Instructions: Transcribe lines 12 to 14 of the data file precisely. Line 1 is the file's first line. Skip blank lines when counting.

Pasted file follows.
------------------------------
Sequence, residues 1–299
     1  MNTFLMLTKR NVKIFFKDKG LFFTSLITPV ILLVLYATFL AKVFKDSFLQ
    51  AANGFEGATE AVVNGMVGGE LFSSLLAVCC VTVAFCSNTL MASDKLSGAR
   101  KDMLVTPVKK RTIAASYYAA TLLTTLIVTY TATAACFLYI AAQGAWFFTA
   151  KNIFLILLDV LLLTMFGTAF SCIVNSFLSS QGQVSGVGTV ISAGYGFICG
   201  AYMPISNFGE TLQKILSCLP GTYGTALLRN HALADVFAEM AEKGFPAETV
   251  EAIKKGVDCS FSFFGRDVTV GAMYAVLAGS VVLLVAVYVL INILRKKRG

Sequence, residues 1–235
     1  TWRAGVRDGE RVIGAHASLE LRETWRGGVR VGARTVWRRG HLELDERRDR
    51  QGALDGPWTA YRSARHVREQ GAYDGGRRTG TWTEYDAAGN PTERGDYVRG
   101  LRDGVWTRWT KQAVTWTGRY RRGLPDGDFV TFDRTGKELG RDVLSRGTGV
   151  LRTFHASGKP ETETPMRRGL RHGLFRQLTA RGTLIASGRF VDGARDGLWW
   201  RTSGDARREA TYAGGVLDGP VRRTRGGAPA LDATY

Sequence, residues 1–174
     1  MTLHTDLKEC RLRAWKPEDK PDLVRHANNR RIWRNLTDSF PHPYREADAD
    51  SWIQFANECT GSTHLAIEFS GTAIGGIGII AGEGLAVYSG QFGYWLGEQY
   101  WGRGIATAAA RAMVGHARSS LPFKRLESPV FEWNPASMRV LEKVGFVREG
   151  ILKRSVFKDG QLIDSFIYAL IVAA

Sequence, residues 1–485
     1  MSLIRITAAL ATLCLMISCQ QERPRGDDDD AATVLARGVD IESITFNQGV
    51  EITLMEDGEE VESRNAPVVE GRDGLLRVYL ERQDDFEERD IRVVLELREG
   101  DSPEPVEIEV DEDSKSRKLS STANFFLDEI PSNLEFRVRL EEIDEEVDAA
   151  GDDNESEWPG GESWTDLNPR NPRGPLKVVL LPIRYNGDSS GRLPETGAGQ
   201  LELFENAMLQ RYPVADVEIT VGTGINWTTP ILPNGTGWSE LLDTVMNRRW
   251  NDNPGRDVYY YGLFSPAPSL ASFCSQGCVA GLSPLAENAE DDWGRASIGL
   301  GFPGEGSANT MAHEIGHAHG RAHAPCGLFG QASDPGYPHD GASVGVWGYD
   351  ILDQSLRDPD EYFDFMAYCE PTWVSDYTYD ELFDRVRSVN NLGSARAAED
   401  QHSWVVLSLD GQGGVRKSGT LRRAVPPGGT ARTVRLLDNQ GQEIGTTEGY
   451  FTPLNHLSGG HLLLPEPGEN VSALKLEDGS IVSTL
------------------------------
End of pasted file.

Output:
   151  LRTFHASGKP ETETPMRRGL RHGLFRQLTA RGTLIASGRF VDGARDGLWW
   201  RTSGDARREA TYAGGVLDGP VRRTRGGAPA LDATY

Sequence, residues 1–174